Born into a modest family, Brazilian artist Jô learned very early to use his creative talents. As a child, he made his own toys and performed countless small jobs for food. In turn a deliveryman, shoeshine boy and supermarket employee, he managed to get a school education where drawing became his favourite subject. A bohemian adolescence pushed him to the roads of Brazil where he survived thanks to the sale of his artworks. Then in the 70s, his skill as a draftsman opened the doors of advertising to him. In the professional sector, he worked successfully as an illustrator and art director until 1999, when he decided to devote himself exclusively to his personal creations.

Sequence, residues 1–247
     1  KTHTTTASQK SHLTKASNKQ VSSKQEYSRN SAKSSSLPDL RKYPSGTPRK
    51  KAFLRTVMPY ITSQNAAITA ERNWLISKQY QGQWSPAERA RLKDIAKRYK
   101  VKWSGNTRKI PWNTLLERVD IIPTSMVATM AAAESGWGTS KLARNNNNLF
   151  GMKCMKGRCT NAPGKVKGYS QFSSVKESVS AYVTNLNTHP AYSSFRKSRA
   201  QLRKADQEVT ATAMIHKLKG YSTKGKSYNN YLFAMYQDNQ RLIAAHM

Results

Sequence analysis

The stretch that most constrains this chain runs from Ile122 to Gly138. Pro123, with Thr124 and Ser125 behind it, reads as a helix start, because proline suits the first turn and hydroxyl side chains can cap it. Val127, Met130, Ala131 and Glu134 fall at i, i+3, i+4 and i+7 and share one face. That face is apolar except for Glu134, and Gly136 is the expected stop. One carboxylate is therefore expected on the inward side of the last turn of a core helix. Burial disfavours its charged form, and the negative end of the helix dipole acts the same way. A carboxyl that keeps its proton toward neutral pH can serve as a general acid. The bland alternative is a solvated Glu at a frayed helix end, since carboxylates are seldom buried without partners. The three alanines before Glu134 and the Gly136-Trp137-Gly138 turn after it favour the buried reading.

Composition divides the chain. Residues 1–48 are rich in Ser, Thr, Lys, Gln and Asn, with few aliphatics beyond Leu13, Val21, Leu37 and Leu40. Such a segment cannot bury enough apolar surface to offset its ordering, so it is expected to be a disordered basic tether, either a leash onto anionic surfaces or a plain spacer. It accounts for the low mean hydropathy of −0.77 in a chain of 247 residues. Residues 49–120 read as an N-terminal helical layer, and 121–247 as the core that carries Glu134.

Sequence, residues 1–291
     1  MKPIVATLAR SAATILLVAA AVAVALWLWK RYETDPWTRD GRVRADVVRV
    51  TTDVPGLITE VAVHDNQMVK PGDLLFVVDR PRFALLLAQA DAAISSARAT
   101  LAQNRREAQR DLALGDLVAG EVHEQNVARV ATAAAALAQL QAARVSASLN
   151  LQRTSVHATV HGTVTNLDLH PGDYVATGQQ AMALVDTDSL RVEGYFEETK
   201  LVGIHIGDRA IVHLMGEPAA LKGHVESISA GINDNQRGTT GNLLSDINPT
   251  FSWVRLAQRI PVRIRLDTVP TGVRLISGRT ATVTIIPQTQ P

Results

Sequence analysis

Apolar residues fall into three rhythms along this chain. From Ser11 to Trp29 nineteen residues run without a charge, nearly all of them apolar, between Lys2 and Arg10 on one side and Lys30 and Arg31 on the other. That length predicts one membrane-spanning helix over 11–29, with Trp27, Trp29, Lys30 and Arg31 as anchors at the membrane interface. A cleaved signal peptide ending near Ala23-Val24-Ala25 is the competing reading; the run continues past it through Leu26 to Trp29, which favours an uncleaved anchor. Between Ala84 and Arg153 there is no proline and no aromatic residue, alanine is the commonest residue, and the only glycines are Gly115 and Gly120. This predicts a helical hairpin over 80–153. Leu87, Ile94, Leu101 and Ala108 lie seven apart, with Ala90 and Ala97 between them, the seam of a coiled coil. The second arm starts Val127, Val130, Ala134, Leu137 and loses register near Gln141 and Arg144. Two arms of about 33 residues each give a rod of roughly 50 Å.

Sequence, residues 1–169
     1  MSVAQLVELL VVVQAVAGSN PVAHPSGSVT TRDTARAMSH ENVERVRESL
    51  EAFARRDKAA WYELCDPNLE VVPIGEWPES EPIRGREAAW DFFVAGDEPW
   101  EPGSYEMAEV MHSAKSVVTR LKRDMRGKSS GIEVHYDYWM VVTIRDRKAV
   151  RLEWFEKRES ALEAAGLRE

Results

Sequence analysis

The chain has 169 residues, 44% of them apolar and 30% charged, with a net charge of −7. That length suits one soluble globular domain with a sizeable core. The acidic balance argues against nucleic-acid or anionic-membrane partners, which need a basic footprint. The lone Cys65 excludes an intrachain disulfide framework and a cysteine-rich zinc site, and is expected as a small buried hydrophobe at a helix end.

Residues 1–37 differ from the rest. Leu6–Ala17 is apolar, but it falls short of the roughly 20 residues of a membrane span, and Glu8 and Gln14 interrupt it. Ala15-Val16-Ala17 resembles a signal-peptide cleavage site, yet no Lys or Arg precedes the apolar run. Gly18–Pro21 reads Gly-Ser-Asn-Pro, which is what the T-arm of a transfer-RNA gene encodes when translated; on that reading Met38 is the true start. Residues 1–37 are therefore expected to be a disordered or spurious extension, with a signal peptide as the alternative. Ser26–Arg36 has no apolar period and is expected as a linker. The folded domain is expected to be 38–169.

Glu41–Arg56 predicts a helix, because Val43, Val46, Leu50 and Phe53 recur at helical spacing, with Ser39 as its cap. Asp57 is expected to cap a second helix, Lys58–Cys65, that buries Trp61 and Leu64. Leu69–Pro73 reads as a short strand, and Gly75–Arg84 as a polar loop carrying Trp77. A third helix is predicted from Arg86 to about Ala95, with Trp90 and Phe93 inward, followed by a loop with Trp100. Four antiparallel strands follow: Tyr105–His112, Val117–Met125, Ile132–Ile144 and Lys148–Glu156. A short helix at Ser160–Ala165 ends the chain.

Passionate about architecture, Jô himself designed the house in which he set up his workshop in Fortaleza (Brazil). Despite a preference for acrylic on canvas, he does not reject any experience and is also interested in various techniques of watercolour, ink, caricature or ceramic mosaic. An admirer of the major artists of the nineteenth and twentieth centuries, such as the Spaniard Pablo Picasso and Dutch Vincent Van Gogh, the Brazilian painter feels especially influenced by his twentieth century compatriots Alfredo Volpi, Di Cavalcanti, Tarsila and João Turim.
From his previous career, Jô has kept rigor and a taste for simple and direct things. Like the indigenous arts, his painting gets to the essential, without being weighed down by artifice. A careful observer, he has a photographic memory allowing him to capture scenes of everyday life. The artist draws inspiration from the countryside, the seaside, and especially from his suburban neighbourhood. He attends work, parties and meals whose spontaneity and poetic simplicity fascinate him. Clothing, a lamp, a piece of crockery or other objects from his immediate environment also have the power to stimulate his creativity.